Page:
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I would like to com­mend James Lloyd for his ar­ti­cle about his per­sonal bat­tle with OCD (Oc­to­ber, p60). I my­self strug­gled with ‘in­tru­sive thoughts’ sim­i­lar to those de­scribed by James (in­ter­nal rather than phys­i­cally vis­i­ble OCD) for four to five years be­fore be­ing di­ag­nosed with anx­i­ety back in 2005. It led to de­pres­sion and the worse pe­riod of my life to date. How­ever, back then, even af­ter be­ing di­ag­nosed with anx­i­ety, I had never heard the term ‘in­tru­sive thoughts’ and un­til read­ing James’ ar­ti­cle thought they were just a side ef­fect of the anx­i­ety.

Ev­ery­thing James de­scribes is ex­actly what I ex­pe­ri­enced and I would never have thought to class it as OCD. It re­ally does show that there is still a lot that needs to be done to raise aware­ness of the many forms OCD can take. Now, 12 years on, all is well in my brain… and I wish James the best of luck with his re­cov­ery. Jean-De­nis Hib­bitt, Wey­mouth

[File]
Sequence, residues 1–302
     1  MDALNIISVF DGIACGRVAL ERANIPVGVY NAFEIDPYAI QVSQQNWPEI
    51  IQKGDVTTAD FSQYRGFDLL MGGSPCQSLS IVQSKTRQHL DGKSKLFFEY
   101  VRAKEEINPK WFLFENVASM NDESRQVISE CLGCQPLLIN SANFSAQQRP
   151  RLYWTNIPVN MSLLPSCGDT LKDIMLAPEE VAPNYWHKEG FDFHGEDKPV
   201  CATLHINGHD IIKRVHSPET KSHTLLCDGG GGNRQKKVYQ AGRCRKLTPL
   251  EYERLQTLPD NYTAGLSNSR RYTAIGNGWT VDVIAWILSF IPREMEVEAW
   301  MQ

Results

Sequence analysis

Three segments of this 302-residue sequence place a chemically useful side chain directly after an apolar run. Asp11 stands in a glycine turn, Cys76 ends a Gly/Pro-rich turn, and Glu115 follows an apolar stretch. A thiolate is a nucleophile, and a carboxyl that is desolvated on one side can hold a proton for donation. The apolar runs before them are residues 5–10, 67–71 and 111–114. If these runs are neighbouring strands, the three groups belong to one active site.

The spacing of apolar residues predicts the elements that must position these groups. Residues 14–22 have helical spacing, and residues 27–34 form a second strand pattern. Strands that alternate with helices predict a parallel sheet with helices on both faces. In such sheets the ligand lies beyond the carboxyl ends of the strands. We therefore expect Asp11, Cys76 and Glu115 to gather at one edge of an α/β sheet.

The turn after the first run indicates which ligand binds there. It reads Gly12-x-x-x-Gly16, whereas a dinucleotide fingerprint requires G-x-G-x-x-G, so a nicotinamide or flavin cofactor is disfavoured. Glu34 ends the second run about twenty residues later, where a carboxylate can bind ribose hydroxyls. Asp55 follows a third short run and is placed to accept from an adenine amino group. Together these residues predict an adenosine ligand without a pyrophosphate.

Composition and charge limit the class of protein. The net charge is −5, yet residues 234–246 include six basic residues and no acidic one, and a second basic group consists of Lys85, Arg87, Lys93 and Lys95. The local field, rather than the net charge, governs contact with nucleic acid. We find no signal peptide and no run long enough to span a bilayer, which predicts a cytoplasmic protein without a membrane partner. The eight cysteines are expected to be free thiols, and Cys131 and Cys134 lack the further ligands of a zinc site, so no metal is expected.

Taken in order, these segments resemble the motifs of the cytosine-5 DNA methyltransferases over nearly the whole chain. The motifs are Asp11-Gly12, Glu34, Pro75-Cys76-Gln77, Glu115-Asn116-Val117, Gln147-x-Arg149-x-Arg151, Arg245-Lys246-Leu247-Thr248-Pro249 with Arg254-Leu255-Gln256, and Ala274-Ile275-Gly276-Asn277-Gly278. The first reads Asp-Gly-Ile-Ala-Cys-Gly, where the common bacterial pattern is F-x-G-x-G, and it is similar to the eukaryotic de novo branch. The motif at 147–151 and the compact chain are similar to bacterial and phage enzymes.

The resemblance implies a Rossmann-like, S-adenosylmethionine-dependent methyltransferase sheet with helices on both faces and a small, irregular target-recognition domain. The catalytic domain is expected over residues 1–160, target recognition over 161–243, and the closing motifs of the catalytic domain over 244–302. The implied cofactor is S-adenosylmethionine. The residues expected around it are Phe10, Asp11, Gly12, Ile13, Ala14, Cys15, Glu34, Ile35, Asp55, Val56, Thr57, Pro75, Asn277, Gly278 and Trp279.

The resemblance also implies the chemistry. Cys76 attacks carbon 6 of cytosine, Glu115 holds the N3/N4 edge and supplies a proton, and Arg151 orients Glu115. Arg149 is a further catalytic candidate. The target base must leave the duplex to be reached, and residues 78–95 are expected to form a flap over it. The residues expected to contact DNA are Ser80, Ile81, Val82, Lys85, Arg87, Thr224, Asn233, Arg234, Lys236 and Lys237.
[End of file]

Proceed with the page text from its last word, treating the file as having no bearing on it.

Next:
I’ve heard so many sto­ries of peo­ple suf­fer­ing for years, even decades, not know­ing that they have an ill­ness which can be di­ag­nosed and treated. I think it’s partly stigma around the in­tru­sive thoughts them­selves, but mostly a gen­eral mis­un­der­stand­ing of what OCD re­ally is. Writ­ing the ar­ti­cle was one of the hard­est things I’ve ever done, but hope­fully it can go a small way to re­dress­ing the bal­ance. Thanks for your feed­back! – James Lloyd, ed­i­to­rial as­sis­tant

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